Bringing back the text-only email

October 4th, 2019

What’s the first thing you do in the morning? I bet you check your email on your phone. On average, how many emails do you wake up to every day?




Because of this phenomenon, we sometimes consider an old school email design – the text-only email – for some email messages that might require a more personalized touch.

What are the best uses for text-only emails?

While not perfect for every email message, a text-only email can replace HTML emails for instances like:

  • Appointment reminders: Reminder emails hardly ever require product imagery, and are intended to be quick nudges (not lengthy sales messages). In these cases, a simple plain text email might suffice.
  • Post-event emails: Did you recently exhibit at a trade show or complete an in-person sales call? Sometimes a quick follow-up email helps to maintain the relationship and continue a discussion. Text-only emails can come off as more personal in these instances, so it might be preferred.
  • Emails with single-focused calls-to-action: A single-focused email will have a call-to-action at the end that might invite the reader to view a web page, download a brochure, or sign-up for a meeting. Keeping the focus very singular, a text-only email can be short & sweet, and they can be personalized so the user is more likely to take action.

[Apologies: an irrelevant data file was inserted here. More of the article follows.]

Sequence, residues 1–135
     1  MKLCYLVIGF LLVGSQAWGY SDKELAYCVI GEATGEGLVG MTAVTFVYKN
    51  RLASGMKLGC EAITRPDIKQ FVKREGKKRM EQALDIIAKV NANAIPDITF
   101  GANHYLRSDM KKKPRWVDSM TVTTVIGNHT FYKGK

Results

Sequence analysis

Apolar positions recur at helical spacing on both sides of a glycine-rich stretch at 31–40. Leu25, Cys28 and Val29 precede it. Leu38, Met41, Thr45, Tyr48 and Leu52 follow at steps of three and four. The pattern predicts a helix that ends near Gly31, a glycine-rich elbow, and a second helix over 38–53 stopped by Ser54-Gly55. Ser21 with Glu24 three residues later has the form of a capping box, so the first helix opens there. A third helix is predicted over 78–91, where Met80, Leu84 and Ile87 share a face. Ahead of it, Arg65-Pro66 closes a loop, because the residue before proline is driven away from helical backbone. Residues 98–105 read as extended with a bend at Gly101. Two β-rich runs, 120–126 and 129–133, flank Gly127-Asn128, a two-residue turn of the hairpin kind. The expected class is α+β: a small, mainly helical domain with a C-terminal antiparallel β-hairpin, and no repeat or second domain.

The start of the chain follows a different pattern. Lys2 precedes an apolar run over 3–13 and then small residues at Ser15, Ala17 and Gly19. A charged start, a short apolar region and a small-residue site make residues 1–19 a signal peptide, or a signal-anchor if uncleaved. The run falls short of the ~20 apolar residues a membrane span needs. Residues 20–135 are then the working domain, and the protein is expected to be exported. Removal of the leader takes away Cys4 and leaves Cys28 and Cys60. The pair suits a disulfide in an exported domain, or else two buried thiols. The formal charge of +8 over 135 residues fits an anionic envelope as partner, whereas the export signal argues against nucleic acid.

What are some benefits of a text-only email?

In general, we have found the following benefits of plain text emails:

  • Better deliverability due to fewer graphics that can be flagged by inbox spam filters
  • The more personalized style leads to greater response rate because the reader feels the email was tailor-made for them
  • Natural communication sounds authentic
  • Emails can be more easily read on wearable devices
  • Short and sweet message structure

Text vs. HTML

This is not to say that HTML emails are no longer needed – in fact, they may still be in the majority. Emails that are have significant sales messages, product imagery, infographics, links to videos, .gifs, banners, etc. may still be best displayed in HTML. Anytime it’s relevant for a message to appear as though it was sent from one-to-many (rather than a plain text email that appears like it was sent one-to-one), an HTML email is the way to go.

The next time you have an email message to send, consider your message, your audience, and the information you want to convey. Which kind of email will be the most appropriate?  Taking a beat to consider this might lead to an uptick in your deliverability and engagement rates.

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